Many shops have a regular patch cycle that varies in length, but would be unlikely to be less than a couple of weeks except for tiny organizations or very easily exploited patches with very high impact. Most have internal requirements for testing, even of security changes, and a patch cycle of a month probably is fairly common. Publicly releasing details of a major commercial product vulnerability on the same day that the fix is released falls well short of my idea of responsibility unless the vulnerability already is known and being exploited or a trivial mitigation can be applied until the full correction can be tested and installed.

    There may be mitigating circumstances like vendor foot dragging, but this case does not show it. IBM moved from notification to correction release in seven weeks, which is not necessarily unreasonable.

  14. Denarius Silver badge

    resource exhaustion ?

    In Webshere ? IMHO and bitter experience it's feature not a bug. How would one distinguish between attack and normal operation?

  15. Anonymous Coward
    Anonymous Coward

    Q3 earnings announcement

    ...probably more related to how close this negative press is to their Q3 earnings announcement...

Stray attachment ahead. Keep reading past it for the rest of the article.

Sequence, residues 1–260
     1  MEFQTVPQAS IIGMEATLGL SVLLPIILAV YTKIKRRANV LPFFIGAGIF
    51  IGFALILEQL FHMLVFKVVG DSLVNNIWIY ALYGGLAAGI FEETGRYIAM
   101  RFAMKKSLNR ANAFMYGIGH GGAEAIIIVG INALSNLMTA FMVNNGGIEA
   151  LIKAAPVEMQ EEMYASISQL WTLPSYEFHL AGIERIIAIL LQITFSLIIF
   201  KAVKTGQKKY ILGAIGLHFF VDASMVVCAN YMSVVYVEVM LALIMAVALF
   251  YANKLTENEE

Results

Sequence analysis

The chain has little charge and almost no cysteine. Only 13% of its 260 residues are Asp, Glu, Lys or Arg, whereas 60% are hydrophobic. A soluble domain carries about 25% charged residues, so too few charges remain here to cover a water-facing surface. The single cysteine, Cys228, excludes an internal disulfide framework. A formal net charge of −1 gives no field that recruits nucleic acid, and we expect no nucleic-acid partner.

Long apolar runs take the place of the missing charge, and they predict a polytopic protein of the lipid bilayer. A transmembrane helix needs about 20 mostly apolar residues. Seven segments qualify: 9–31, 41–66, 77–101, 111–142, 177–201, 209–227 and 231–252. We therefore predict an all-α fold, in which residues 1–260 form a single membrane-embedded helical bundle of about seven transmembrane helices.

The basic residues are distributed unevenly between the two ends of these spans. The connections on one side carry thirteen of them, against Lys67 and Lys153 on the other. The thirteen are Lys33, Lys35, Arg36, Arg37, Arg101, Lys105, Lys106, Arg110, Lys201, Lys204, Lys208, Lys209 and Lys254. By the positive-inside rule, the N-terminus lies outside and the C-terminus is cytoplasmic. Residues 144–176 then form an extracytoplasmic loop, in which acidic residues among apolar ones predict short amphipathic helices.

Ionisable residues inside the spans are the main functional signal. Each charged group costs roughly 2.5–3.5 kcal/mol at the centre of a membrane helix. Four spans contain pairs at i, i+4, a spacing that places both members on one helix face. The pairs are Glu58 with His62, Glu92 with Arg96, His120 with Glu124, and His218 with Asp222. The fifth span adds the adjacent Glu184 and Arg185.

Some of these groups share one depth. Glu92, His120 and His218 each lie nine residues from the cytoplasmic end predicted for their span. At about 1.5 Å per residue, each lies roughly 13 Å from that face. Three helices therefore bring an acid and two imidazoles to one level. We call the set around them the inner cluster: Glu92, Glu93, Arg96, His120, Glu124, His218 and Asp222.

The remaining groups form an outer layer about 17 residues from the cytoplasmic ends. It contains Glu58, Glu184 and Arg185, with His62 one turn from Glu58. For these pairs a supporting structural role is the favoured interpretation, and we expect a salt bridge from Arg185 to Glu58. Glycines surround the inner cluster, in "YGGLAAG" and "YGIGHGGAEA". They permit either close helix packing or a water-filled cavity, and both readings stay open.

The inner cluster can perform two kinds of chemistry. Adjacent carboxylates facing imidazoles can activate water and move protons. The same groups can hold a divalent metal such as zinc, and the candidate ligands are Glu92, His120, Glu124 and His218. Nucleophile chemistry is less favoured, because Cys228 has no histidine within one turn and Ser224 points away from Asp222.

16. Gnosis_Carmot

    Apparently some people at IBM....

    Have not yet learned that once published on the interwebs it will be out there FOREVER. Maybe not on the wayback site, but it's out there somewhere.

  17. Anonymous Coward
    Anonymous Coward

    Pesky Customers, Skip the Holidays and Patch!

    Customers have a great reluctance to apply patches in the last 3 months of the year-- between people going on holiday and an increasing tide of sales business, you really don't want to break anything with a patch. The Italians (or anyone in Europe) should understand this pretty clearly, what with Euro penchant for huge heaps of holidays, not synchronized with the rest of the world, so that at any one time in the last 3 months probably 1/3 of the first world is on holiday... until Christmas through New Years, when most of the first world is running 3rd string skeletons.

    IBM should have asked for a delay until mid-1st quarter 2017... anyone not patched by then probably isn't going to patch.